Germany won’t punish players for George Floyd protests
DÜSSELDORF, Germany (AP) — As more players spoke out against racial discrimination and injustice, the German soccer federation said it will not punish those who protest against the killing of George Floyd.
The Bundesliga has seen several players feature messages on their clothing and make gestures since Floyd died after a white Minneapolis police officer pressed his knee for several minutes on his neck.
The players’ campaign grew online Wednesday with Schalke and U.S. midfielder Weston McKennie publishing a video which mixed footage of police officers using force against black people with clips of leading soccer players and other athletes saying: “Enough is enough.”
Chelsea and U.S. midfielder Christian Pulisic took part in the video, as did Bayern Munich and Canada left back Alphonso Davies and Women’s World Cup winner Mallory Pugh of the U.S.
The German soccer federation, known as the DFB, said earlier Wednesday it opposed punishing any players for on-field protests related to Floyd’s death because it believes their anti-racism messages match the federation’s own principles.
“The DFB has made a strong stand against any form of racism, discrimination or violence and stands for tolerance, openness and diversity, values which are also anchored in the DFB’s statutes,” federation president Fritz Keller said in a statement. “Therefore the players’ actions have our respect and our understanding.”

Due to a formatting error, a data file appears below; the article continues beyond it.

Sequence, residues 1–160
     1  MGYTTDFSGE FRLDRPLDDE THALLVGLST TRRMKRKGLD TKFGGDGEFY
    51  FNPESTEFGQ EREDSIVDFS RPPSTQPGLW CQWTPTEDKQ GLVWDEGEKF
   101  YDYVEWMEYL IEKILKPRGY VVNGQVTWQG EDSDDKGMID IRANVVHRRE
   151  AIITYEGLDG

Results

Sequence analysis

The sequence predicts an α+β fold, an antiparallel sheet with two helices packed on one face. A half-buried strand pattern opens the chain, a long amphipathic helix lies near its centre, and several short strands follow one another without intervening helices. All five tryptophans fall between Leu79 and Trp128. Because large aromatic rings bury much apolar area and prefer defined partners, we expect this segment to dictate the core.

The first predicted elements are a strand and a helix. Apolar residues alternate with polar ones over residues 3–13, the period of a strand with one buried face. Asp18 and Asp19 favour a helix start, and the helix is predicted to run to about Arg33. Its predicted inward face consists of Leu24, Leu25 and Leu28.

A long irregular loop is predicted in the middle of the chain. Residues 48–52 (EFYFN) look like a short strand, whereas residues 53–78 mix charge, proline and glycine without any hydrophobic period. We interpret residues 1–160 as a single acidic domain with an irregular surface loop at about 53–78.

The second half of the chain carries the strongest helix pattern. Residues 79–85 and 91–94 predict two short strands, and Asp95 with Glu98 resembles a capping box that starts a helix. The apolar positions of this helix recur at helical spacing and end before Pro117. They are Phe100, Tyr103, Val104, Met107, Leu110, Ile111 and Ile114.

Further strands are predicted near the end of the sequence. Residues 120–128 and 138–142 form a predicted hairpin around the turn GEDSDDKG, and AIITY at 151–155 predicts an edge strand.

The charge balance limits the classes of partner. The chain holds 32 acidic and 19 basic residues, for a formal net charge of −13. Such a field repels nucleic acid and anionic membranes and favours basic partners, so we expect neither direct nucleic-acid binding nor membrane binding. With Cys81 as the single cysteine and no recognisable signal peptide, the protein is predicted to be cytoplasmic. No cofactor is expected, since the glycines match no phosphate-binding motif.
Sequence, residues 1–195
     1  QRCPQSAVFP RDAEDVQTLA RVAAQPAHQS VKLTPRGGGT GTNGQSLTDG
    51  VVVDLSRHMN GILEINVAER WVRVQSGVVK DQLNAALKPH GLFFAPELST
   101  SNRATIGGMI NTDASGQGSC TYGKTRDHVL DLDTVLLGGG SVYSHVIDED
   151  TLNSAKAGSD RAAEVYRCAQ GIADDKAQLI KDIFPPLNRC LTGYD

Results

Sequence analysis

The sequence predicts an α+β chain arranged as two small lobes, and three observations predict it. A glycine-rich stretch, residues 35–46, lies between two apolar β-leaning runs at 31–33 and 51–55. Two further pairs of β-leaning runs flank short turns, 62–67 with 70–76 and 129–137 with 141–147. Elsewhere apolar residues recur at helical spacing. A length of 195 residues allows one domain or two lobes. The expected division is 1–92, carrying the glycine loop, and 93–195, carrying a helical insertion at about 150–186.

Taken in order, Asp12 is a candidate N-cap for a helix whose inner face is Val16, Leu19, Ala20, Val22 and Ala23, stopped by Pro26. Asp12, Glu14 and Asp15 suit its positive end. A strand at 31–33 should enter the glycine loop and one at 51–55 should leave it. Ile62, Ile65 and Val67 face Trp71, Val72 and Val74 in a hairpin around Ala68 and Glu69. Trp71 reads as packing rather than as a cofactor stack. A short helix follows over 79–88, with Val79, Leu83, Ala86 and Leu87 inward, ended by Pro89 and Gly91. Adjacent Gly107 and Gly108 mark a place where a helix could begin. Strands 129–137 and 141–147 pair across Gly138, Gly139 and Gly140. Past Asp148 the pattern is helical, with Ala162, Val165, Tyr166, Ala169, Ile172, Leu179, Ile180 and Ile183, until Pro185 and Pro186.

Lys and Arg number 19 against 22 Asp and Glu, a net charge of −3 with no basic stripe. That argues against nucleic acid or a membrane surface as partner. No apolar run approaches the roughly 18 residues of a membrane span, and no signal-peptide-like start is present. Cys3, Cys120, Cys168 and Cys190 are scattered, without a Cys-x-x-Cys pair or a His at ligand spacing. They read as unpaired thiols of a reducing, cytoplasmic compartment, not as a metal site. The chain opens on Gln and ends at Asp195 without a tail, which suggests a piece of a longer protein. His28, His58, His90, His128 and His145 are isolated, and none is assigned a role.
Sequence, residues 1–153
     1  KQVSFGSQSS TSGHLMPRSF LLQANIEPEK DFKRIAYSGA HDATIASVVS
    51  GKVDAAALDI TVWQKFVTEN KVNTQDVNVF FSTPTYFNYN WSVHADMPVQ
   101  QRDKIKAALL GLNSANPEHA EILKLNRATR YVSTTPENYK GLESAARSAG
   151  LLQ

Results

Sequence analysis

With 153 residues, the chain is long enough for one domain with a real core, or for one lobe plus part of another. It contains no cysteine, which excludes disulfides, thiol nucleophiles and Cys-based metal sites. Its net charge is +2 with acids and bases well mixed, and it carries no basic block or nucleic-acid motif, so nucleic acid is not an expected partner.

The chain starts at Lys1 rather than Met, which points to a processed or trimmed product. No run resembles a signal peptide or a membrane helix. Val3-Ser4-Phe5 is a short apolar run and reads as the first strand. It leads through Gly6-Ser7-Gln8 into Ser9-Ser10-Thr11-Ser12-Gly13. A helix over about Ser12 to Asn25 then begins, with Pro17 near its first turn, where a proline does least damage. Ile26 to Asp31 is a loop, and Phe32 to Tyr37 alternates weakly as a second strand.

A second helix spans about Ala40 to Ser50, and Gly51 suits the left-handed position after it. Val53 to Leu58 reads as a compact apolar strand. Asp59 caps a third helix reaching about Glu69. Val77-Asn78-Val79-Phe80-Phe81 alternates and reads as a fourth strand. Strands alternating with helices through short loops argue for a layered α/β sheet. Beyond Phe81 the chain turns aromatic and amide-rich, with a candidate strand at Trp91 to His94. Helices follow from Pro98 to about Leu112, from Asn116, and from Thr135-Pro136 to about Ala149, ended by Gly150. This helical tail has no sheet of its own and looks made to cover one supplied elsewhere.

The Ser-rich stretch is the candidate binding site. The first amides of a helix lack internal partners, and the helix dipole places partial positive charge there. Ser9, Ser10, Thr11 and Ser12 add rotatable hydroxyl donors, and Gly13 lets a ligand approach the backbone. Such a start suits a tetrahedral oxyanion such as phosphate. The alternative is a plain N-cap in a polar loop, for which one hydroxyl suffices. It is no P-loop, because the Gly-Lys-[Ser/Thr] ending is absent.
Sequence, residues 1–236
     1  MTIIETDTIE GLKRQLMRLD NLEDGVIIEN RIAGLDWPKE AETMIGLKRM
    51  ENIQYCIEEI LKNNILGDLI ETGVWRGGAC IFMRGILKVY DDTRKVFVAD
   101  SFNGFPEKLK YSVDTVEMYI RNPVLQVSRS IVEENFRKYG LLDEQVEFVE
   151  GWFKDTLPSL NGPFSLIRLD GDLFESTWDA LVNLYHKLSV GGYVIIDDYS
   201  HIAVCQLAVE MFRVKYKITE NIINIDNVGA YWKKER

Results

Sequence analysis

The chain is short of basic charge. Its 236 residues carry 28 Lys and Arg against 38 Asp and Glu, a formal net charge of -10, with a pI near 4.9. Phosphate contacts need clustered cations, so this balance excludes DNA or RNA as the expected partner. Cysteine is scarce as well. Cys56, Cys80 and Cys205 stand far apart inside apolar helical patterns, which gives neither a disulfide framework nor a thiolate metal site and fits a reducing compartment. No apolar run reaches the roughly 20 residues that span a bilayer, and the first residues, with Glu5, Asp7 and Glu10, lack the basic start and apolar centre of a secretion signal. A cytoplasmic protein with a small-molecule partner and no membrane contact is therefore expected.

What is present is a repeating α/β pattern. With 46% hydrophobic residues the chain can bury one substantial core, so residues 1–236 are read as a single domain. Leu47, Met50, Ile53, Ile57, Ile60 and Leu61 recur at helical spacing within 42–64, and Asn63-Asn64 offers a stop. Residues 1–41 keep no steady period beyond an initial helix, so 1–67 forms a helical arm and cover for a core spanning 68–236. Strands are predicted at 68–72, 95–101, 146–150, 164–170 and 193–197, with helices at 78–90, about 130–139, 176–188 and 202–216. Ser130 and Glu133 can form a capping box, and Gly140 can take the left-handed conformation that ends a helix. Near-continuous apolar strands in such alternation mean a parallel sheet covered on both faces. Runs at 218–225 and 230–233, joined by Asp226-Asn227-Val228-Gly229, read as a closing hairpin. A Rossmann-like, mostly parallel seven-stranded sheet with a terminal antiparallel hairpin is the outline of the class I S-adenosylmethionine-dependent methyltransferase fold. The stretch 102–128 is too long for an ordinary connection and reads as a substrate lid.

The statement named four players who protested during last weekend’s games — Achraf Hakimi, Jadon Sancho, McKennie and Marcus Thuram — but made clear the same approach would apply to any future protests.
The federation has not revoked a yellow card given to Sancho. The federation said Monday that the Borussia Dortmund forward’s booking was for the act of removing his shirt, rather than for the “Justice for George Floyd” message written on his undershirt during Sunday’s 5-0 win over Paderborn.
Other players protested by kneeling, like Thuram, or by showing messages on an armband, like McKennie, or on boots, like Leipzig midfielder Tyler Adams. Only Sancho received a booking.
Further demonstrations of solidarity could be coming in the next round of games this weekend — this time from white players.
“We discussed it ... we maybe have to do something because we cannot give something like this a place,” Bayern Munich’s Joshua Kimmich said on a video call with international media. “We as footballers, like with Sancho, have a lot of power to reach other people, to be role models and to say something. What we say to people outside gives us a big chance to make a statement.”
Germany’s approach has the backing of FIFA. The governing body of world soccer said Tuesday that such demonstrations “deserve an applause and not a punishment.”
Hungary has taken a different approach. Its soccer league gave a written reprimand to a player of African origin, Tokmac Nguen, who displayed a message in solidarity with Floyd after scoring a goal for Ferencvaros on Sunday.
UEFA, the governing body of European soccer, is also set to allow messages related to Floyd and anti-racism when the Champions League resumes.
Players are normally prohibited from espousing their views during a match. The laws of the game state that “any political, religious or personal slogans, statements or images” on equipment is forbidden.
AP Global Soccer Writer Rob Harris contributed to this report.